A $20 billion joint venture aimed at Indian renewable energy is the latest sign of fresh investment in the sector as Prime Minister Narendra Modi seeks to aggressively boost output.
The move comes after India's cabinet approved a drastic increase in capacity targets. By 2022, Modi wants solar capacity at 100 gigawatts (GW), a fivefold increase from the previous target of 20GW. That averages to around 14GW a year, more than the amount of solar power added in the U.S. and China last year.
While the government has yet to explain how it plans to achieve such ambitious targets, overseas investment is expected to play an essential role.
"The Indian government with Modi on board has taken aggressive steps to accelerate renewable energy investment from foreign companies, and we anticipate more going forward," said Holly Hu, senior analyst at IHS Technology.
Indeed, the sector has witnessed a flurry of recent activity. Earlier this month, U.S. solar tech provider SunEdison said it planned to commit $15 billion to the country over the next seven years, as well as invest $2 billion in a joint venture with India's Adani Group to set up a factory. Meanwhile, Modi's recent visit to China last month yielded several memorandums of understandings (MOUs), setting the stage for an influx of mainland investment.
India permits 100 percent foreign direct investment in the renewables sector, but overseas companies still prefer to enter the market through joint ventures (JVs), explained Hu.
"For an emerging market like India, there's more risk and transparency issues involved so foreign investors want a partner. The government also prefers JVs so they can expand local presence."
Moreover, Indian interest rates are high relative to the rest of the world so companies would rather use foreign bank loans to get low rates, she added.
India's solar industry is expected to grow by 250 percent this year, putting the country on track to overtake Germany and enter the top five solar markets globally in the next three years, according to solar intelligence firm Bridge to India.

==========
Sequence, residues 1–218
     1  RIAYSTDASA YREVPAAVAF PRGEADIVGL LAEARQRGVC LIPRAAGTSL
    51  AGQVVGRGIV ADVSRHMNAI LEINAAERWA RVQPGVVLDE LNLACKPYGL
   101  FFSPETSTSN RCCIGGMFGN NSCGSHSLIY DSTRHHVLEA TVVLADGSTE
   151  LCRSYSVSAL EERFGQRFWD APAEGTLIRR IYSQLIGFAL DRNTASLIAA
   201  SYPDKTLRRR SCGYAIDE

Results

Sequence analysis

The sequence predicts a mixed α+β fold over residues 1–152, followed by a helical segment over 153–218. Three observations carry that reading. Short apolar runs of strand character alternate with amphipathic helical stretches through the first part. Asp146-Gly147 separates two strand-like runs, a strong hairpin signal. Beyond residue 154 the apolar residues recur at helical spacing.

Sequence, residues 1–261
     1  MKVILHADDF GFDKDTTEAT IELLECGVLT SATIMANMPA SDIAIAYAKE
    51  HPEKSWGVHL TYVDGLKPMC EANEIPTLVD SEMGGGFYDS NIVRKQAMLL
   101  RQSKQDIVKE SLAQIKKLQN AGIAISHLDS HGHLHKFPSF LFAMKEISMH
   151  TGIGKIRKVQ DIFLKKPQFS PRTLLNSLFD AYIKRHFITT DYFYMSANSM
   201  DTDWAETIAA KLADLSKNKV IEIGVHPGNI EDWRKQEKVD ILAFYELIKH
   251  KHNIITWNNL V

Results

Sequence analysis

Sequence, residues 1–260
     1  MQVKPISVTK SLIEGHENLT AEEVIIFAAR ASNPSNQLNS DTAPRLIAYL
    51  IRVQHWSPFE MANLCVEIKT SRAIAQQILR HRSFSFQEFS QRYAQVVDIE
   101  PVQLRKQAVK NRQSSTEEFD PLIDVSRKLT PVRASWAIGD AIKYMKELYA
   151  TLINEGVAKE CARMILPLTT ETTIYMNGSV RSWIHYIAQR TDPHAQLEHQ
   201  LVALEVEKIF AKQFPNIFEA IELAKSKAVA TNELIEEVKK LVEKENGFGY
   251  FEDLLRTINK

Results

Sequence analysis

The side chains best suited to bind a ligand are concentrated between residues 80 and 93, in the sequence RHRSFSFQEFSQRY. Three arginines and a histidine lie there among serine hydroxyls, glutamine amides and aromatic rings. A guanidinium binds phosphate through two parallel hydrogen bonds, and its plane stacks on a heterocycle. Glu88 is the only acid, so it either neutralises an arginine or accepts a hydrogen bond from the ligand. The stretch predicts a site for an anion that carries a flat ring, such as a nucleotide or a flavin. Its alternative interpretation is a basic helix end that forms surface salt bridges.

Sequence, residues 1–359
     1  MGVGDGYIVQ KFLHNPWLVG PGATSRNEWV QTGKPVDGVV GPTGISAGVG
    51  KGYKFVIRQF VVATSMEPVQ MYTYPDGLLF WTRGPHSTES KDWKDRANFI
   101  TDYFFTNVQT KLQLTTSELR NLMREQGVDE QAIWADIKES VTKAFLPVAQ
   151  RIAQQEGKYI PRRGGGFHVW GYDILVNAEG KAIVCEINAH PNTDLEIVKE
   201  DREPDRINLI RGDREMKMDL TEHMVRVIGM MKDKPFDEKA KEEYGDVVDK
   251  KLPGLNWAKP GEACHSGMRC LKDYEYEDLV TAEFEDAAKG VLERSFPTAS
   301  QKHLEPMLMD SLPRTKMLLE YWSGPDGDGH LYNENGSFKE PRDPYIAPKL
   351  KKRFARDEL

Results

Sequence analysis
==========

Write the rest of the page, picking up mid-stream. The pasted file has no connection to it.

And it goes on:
"Given its vast population, high irradiation, growing energy demand and power deficit, limited access to fossil fuels and a large number of unlit villages, India has great potential to be a major solar market," SoftBank echoed in an official statement.
A series of domestic policy announcements like mandatory solar rooftops on buildings and the construction of solar parks also paint a favorable outlook, signaling the extent of Modi's commitment.
Despite the near-frenzied level of interest in the sector, India has made slow progress, with only 4GW of solar power capacity installed since September 2013, noted IHS' Hu. In contrast, China added 5GW of solar power in the first three months of this year, according to government figures.
To achieve its capacity targets, New Delhi must ease land acquisition requirements, lower costs of financing and enforce long-term policies that can attract consistent investments, Deutsche Bank noted in a report earlier this year.
"Recent announcements from private companies coupled with talk of further cooperation with the U.S. and local policy announcements support our view that India is beginning to ramp installations and could become one of the top markets in the world," the report said.